Forgiveness is a controversial subject. Some say you shouldn't forgive too quickly, that it takes time to fully process the injustice you just suffered. Others look at the persecutor and worry about letting him off the hook. Shouldn't justice be served? Shouldn't everyone be held accountable for their actions?
This attitude presumes that unless we hold others accountable they won't be. It ignores any sense of cosmic justice, known to many as "karma." Even those who profess to believe in the concept of karma can get triggered towards vengeance when some particularly heinous crime is committed. It seems so passively inappropriate, to just stand by while innocents suffer.
I agree. But who says you have to passively stand by? That sounds irresponsible to me. No, regardless of our theories, when something happens we react. If you're on the battlefield and someone shouts "Duck!" that's not the time to ponder meaning. Duck! It could save your life. And if you're on the scene of a crime and have a chance to intervene, who wouldn't screw up their courage and do so? Hopefully, we'd step up when called.
But that's different than retaliation.
If vandals broke into my house and began destroying it, I'd take action. But I wouldn't need to express the same irrational rage they were. Of course, the question arises, would I be able to actually do that? Could I keep my head and act in an emergency, without surrendering my moral values and becoming like the "bad guys?"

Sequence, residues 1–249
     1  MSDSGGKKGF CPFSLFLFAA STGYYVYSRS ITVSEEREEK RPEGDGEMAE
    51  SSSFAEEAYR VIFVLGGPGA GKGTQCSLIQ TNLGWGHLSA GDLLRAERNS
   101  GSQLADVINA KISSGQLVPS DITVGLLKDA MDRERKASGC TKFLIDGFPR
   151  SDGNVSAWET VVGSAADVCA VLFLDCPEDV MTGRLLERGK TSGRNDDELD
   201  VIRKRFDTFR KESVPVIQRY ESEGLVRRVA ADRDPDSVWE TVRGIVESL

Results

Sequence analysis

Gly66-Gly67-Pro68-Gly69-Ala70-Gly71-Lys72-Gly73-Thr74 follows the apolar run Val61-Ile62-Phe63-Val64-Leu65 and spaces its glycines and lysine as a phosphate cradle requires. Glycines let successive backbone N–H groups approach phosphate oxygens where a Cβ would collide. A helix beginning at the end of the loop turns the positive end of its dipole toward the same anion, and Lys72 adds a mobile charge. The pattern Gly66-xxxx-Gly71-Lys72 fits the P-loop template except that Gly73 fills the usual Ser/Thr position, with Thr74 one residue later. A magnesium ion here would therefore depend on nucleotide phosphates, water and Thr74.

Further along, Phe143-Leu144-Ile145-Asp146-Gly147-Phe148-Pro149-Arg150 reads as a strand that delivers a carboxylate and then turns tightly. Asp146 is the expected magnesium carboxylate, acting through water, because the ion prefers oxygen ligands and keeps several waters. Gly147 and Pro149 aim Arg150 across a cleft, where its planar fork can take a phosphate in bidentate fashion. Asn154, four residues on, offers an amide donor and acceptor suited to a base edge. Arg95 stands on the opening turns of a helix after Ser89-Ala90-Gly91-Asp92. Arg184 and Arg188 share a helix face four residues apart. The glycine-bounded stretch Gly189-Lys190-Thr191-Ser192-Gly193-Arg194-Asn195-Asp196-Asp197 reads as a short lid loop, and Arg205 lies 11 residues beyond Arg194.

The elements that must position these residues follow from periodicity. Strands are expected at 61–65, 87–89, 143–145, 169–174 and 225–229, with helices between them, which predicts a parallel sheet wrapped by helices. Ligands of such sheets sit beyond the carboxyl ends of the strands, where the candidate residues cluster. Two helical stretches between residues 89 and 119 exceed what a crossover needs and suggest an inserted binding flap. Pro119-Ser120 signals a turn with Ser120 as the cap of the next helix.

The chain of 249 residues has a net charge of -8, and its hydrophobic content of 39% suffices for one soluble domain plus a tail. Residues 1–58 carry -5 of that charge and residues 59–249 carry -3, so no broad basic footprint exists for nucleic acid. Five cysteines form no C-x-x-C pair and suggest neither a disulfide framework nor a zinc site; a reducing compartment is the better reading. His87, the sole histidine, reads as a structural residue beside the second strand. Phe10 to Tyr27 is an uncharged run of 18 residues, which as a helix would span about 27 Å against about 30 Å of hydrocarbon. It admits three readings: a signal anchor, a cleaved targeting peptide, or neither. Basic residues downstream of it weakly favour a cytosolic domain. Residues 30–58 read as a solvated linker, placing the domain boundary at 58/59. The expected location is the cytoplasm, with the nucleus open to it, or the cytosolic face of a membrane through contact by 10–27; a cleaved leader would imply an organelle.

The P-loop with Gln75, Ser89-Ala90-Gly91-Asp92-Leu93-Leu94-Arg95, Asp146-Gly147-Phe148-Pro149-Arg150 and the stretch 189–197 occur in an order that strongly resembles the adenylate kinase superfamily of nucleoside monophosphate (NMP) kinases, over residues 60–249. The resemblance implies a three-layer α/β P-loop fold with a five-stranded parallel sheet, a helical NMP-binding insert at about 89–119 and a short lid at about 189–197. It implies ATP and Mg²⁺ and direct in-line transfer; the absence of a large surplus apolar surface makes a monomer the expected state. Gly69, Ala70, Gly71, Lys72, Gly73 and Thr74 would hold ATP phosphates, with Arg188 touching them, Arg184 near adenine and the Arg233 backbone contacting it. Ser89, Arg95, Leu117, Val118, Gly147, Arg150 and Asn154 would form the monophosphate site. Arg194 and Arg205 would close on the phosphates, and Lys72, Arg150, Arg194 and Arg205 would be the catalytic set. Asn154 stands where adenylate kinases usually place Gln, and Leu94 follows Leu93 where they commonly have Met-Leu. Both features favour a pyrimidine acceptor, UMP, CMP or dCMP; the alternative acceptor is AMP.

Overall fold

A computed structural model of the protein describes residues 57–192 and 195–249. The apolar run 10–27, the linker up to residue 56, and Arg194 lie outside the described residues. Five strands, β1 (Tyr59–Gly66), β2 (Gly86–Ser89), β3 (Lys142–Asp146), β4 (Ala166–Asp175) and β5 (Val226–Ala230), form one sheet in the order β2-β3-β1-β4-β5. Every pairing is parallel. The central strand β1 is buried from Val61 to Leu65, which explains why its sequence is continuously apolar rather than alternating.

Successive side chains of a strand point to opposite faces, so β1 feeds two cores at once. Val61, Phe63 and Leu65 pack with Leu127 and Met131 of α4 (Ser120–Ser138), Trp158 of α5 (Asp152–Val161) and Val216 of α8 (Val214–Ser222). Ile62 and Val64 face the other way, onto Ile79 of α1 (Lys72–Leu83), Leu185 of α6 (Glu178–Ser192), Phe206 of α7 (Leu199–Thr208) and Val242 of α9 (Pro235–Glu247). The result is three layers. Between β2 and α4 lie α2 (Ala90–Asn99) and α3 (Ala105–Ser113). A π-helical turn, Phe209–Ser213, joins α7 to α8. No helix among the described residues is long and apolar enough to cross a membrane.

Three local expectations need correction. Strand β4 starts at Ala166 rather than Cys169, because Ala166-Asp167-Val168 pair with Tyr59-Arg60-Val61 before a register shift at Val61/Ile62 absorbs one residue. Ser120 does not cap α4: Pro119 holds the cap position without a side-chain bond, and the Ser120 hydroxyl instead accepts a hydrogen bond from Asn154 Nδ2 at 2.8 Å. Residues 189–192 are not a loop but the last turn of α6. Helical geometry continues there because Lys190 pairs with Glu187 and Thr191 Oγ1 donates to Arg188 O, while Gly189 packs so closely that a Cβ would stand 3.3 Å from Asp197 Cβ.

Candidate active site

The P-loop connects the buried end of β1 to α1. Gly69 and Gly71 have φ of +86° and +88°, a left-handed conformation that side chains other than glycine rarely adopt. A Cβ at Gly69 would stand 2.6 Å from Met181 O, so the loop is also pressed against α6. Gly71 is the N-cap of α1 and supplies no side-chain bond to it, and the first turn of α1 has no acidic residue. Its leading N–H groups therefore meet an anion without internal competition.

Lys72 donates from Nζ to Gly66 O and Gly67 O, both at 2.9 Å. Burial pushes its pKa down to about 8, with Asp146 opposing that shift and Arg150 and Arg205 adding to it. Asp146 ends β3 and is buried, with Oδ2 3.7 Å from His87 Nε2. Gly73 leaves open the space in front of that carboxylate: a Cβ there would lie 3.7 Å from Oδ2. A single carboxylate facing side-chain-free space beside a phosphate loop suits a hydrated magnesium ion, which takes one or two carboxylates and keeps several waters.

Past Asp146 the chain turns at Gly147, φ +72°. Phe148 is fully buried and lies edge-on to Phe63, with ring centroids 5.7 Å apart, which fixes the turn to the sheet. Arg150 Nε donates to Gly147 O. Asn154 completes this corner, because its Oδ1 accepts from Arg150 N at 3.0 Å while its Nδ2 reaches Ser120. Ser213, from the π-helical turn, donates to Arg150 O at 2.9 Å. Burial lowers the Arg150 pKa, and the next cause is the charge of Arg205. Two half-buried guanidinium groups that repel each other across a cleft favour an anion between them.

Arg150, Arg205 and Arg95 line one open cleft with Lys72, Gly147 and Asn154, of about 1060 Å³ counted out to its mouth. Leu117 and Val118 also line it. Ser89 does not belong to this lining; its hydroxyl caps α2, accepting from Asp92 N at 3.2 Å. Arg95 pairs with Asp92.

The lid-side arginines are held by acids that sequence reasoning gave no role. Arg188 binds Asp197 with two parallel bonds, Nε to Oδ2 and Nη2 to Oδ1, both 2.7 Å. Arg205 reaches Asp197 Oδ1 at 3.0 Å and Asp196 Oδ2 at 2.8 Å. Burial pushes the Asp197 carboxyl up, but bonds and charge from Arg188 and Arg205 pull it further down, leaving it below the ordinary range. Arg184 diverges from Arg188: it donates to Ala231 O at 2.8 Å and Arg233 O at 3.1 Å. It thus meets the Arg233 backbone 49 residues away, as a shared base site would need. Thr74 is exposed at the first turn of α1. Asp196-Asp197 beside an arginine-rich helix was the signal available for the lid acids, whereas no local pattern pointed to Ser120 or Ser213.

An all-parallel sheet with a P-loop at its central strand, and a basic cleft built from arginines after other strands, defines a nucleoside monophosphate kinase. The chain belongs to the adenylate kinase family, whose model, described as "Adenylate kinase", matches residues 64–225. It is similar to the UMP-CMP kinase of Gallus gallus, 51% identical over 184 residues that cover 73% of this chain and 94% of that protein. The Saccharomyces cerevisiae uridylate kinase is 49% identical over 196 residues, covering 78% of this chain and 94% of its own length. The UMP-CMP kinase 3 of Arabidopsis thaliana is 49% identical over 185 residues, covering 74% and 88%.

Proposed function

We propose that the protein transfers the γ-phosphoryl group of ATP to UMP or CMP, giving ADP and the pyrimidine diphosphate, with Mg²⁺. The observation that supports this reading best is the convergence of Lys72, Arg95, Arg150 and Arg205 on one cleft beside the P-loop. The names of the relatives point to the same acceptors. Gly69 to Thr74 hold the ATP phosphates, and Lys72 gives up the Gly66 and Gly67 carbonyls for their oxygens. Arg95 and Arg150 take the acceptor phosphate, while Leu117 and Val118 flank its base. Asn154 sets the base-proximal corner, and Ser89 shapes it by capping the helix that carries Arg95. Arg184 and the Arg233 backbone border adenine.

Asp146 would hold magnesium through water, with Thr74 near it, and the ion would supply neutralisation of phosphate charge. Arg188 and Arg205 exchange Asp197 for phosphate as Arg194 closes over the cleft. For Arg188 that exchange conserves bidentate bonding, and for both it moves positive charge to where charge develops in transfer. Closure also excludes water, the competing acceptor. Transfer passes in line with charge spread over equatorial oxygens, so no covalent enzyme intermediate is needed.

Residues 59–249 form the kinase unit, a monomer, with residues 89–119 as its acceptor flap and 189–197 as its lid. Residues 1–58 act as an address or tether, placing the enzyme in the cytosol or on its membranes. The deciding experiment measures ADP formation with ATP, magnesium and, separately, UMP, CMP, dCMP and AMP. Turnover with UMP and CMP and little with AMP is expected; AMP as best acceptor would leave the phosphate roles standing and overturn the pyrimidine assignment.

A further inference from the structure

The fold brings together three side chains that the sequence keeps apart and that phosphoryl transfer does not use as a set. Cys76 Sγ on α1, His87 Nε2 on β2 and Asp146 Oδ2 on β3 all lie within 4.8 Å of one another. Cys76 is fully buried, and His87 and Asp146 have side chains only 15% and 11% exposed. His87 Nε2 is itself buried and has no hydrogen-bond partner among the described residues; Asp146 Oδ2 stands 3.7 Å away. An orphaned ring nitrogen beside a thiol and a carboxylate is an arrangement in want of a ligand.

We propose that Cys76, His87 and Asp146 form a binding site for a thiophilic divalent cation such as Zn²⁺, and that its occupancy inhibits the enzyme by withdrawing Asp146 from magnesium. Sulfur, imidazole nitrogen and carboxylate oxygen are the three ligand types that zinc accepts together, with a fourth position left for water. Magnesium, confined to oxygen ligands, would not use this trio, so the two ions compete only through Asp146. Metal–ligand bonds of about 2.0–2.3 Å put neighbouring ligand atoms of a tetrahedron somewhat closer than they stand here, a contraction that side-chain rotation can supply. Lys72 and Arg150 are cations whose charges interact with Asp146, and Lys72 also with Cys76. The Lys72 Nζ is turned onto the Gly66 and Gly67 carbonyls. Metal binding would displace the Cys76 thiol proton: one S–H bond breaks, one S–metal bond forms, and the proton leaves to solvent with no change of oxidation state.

Mumbai was such a test. I wrote about how we handled the terrorist attack in my book, Forgiving the Unforgivable. None of us had specific preparation for what happened as the siege began. Yet all of us had day-to-day preparation in how we lived our lives. To the extent that we were answering the questions I raised above, learning how to respond in actual situations with expressions that we chose – like love and compassion – rather than expressions that arose from knee jerk reactions – like anger and hatred – we found ourselves prepared to handle that emergency exactly the same way.
Life holds us all accountable. And I'm not inferring some sort of final Judgment Day when we are called to atone for our sins. I'm being practical. The life we have now is the result of our choices of expression since the moment our soul was conceived in the incomprehensible reaches of the past. Every moment has counted... that's real accountability! You can call it karma, cosmic justice or just "the way things are." Every action has its consequences, as does every inaction. Every thought, every word... Imagine that! How diligent we might become if we really believed that.
In a way, there's virtue to the selfishness that understands this principle. It may seem that forgiveness, for instance, is a noble trait. It is. But, it's really enlightened self interest. If something painful occurs to me, I helped create it. That doesn't let the perpetrator off the hook; it simply includes me in the causative equation. So, in the moment, does my reaction add weight to the "injustice" (empowering more of the same) or does it introduce the very opposite and help move me in a different future direction?
All of us are invited to choose in every moment – enforcing human justice or flowing with universal accountability. And regardless of our fears or theories about future possibilities, the only time we can really do anything about this is always now.